November 21, 2009

Prayer and Survival

For better or for worse--and I honestly don't know if it's one or the other or both--passages like this one from The Seven Storey Mountain have had a lasting and formative effect on me:

It was no longer possible to consider myself, abstractly, as being in a certain "state of life" which had certain technical relations to other "states of life. All that occupied me now was the immediate practical problem of getting up my hill with this terrific burden I had on my shoulders, step by step, begging God to drag me along and get me away from my enemies and from those who were trying to destroy me.

I did not even reflect how the Breviary, the Canonical Office, was the most powerful and effective prayer I could possibly have chosen, since it is the prayer of the whole Church, and concentrates in itself all the power of the Church's impetration, centered around the infinitely mighty Sacrifice of the Mass--the jewel of which the rest of the Liturgy is the setting: the soul which is the life of the whole Liturgy and of all the Sacramentals. All this was beyond me, although I grasped it at least obscurely. All I knew was that I needed to say the Breviary, and say it every day.

Buying those books at Benziger's that day was one of the best things I ever did in my life. The inspiration to do it was a very great grace. There are few things I remember that give me more joy. (329-330)

5 comments:

Jennifer said...

I know what you mean! I recently left a Poor Clare monastery (as a novice) and although I felt a void without praying the breviary anymore, I kept hemming and hawing about whether or not I should (Should I wait until the new translation comes out... do I really have time... should I really spend the money on it, etc.)

Then I got my answer... my confessor told me I should try to pray some of the hours, which was just the impetus I needed to buckle down and do it. I just got the one volume Pauline edition, but it exceeded my expectations for how complete and nice a volume it is. I was delighted with it!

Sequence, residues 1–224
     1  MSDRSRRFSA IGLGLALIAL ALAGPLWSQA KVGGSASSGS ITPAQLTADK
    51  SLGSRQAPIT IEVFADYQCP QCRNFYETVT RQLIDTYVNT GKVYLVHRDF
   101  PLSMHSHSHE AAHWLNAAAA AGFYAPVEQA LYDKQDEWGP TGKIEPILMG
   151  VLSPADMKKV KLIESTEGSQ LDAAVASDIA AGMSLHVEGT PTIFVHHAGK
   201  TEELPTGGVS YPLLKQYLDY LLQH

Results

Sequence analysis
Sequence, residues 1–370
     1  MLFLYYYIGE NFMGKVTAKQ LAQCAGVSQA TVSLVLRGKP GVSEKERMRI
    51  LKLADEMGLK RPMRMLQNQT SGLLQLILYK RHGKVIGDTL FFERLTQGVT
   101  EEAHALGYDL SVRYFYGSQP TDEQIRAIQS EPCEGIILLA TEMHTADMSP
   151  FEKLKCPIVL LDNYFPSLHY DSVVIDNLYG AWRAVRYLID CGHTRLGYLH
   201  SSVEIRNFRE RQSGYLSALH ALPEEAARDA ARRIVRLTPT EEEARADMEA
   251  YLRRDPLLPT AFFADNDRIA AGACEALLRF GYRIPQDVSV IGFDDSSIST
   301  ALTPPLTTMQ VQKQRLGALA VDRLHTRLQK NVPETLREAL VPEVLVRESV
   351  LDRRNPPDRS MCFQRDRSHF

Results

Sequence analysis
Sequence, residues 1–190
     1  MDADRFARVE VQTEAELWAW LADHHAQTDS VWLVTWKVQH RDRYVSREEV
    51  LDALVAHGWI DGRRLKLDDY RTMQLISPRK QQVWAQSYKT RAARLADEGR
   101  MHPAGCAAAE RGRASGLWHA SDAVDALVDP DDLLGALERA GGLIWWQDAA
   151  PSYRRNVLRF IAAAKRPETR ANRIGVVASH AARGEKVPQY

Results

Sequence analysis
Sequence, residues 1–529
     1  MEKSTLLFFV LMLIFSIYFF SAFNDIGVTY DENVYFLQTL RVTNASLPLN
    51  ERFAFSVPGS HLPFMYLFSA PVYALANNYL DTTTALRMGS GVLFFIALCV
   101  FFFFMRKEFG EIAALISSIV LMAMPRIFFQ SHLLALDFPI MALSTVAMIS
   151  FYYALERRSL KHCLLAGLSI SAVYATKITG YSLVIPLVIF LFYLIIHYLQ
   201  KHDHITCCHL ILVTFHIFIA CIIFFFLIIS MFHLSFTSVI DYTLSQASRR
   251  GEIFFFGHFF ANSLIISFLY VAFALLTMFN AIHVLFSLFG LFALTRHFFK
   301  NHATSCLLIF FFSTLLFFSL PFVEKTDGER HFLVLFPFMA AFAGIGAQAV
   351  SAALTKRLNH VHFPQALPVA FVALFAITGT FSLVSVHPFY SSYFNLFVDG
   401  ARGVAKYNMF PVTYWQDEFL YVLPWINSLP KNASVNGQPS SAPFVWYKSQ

It was mindboggling what a big difference it made in my life to start praying it again! Praying with the Church is truly the way to go no matter what one's vocation is.

Brother Charles said...

Jennifer:

I left a novitiate too once. It was the most jarring, but also the most graced moment of my life. And I admit, this passage, which follows upon Merton's rejection by the Franciscans, played a lot into how I interpreted and managed my experience.

pennyante said...

I read The Seven Storey Mountain three times. Once as a college student; once maybe in my 30's and I think, in my 50's. Each time I got something different out of it. Maybe it's time to read it again... You and others have mentioned it several times..,. and have perked my interest again.

Many many years ago, I bought the one volume, Christian Prayer and tried to pray it. Unfortunately, I could never get the hang of it. Recently, I felt the urge to try again. I now understand how it works and I have been praying it every day since. You really CAN teach an old dog new tricks!

Thanks for your fine blog articles.

Lee Strong said...

Merton's book - along with the Confessions of St. Augustine - helped me out ouf a spiritual crisis back in the 1970s and got me back to church.

The process was continued thanks to the works of C. S. Lewis and G. K. Chesterton (including his biography of St. Francis, of course!)

Brother Charles said...

Lee! Good to hear from you. My father once tried to blame my attempts at Christianity on himself, having made the error reading The Chronicles of Narnia to me as a little boy.